are corrupt—and their desires groveling.

Sin has but a tottering standing, and a momentary
abode—in the godly. But sin has fixed its throne,
and taken up its eternal residence—in the ungodly.

In the godly, grace and sin struggle for sovereignty.
In the ungodly sin domineers, and there is no struggle.

The godly is deeply concerned about world to come.
The ungodly has no concern about the future state.

The speech of the godly is seasoned with grace.
The discourse of the ungodly is insipid and vain.

The godly has his hope fixed on God.
The ungodly has no fear of God before his eyes.

The godly use the world without abusing it.
The ungodly, in using the world, abuse both themselves and it.

The godly confesses God in his daily conversation,
and rejoices with his whole heart in Him.
The ungodly says in his practice—"there is no God"
and wishes in his heart—that there were no God.

The godly adores the Creator above all else.
The ungodly worships the creature more than the Creator.

The godly uses God's name with profoundest reverence,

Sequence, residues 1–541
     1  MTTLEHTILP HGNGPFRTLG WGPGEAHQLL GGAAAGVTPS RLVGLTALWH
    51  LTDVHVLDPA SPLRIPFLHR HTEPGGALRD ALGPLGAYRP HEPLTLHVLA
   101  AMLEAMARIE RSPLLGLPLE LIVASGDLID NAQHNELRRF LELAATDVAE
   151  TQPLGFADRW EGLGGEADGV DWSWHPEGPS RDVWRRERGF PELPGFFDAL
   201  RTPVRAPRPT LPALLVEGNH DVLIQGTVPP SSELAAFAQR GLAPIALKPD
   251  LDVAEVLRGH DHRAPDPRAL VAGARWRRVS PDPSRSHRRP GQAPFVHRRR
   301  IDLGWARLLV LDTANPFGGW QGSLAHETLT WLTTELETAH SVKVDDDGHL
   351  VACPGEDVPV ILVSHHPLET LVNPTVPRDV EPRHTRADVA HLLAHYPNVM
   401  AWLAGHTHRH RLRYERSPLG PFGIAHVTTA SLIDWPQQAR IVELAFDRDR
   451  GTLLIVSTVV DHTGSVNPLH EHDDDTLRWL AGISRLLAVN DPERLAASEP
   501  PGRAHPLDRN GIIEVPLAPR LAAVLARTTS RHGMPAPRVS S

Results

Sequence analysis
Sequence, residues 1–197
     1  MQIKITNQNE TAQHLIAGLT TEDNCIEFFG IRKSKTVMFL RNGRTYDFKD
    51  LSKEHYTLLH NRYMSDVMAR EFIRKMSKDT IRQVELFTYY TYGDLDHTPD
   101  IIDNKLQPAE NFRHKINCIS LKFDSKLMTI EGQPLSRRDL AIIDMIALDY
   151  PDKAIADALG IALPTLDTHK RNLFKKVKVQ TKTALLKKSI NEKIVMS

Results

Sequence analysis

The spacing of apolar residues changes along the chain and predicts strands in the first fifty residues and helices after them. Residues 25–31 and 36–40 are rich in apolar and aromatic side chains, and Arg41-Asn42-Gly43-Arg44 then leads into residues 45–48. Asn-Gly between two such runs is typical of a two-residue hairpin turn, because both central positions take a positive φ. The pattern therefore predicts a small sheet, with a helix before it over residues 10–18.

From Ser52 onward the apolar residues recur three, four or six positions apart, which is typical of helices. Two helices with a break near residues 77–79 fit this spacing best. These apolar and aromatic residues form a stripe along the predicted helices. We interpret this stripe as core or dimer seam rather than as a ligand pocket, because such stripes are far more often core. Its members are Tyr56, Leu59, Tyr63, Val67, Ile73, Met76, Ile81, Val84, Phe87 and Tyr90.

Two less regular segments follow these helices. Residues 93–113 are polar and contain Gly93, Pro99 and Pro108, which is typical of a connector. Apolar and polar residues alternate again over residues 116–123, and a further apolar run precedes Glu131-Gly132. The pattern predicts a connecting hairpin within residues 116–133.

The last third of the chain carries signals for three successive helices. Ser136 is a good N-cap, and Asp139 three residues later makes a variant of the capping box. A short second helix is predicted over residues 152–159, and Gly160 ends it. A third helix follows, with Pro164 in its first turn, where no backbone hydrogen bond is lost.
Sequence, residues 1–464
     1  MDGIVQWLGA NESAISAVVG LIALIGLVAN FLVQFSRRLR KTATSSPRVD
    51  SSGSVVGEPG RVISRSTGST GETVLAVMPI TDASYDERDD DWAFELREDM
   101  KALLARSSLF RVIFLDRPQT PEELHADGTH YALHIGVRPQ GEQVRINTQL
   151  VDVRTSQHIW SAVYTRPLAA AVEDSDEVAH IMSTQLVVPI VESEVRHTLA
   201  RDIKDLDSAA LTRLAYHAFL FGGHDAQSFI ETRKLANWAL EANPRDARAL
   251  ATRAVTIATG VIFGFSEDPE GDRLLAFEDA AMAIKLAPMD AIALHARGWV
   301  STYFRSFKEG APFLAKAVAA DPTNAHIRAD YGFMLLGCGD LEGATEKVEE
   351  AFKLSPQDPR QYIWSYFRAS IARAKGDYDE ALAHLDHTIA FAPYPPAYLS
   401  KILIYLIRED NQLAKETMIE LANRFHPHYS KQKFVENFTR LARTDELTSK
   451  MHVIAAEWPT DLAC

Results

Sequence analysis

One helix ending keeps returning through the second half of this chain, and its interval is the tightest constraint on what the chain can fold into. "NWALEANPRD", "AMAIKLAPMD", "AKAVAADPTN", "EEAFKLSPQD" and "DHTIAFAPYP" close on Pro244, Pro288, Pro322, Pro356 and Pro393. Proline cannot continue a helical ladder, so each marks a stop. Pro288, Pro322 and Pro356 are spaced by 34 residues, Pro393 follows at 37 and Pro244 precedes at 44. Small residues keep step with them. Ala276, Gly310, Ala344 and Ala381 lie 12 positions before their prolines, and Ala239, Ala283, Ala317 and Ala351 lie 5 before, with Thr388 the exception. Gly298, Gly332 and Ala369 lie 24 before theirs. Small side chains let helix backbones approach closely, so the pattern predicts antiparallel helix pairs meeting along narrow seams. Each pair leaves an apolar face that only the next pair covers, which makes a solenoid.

and departs from iniquity. The ungodly profanes God's
name with impudence, and adds iniquity to sin.

The godly redeems his time.
The ungodly trifles away his time.

The godly studies his duty in obedience to all God's precepts.
The ungodly shakes himself loose from every command of God.

The godly forgives his foes.
The ungodly lays a snare for his foes.

The godly commits it to God to avenge his wrong.
The ungodly, fiery and tumultuous—seeks revenge.

The godly loves chastity in all things.
The ungodly wallows in uncleanness.

The godly injures himself, rather than his neighbor.
The ungodly injures the whole, world rather than himself.

The godly is content with his condition.
The ungodly covets all the day long.

The godly is pure in heart.
The heart of the ungodly is like a cage full of unclean birds.

The godly walks at liberty in the ways of God.
The ungodly is the servant and slave of sin.

The Holy Spirit rules in the heart of the godly.
Satan rules in the heart of the ungodly.

The godly has his conversation in heaven.
The ungodly has his conversation in hell.

As there is such a wide difference in their principles
and practices—so also, in their eternal destinies.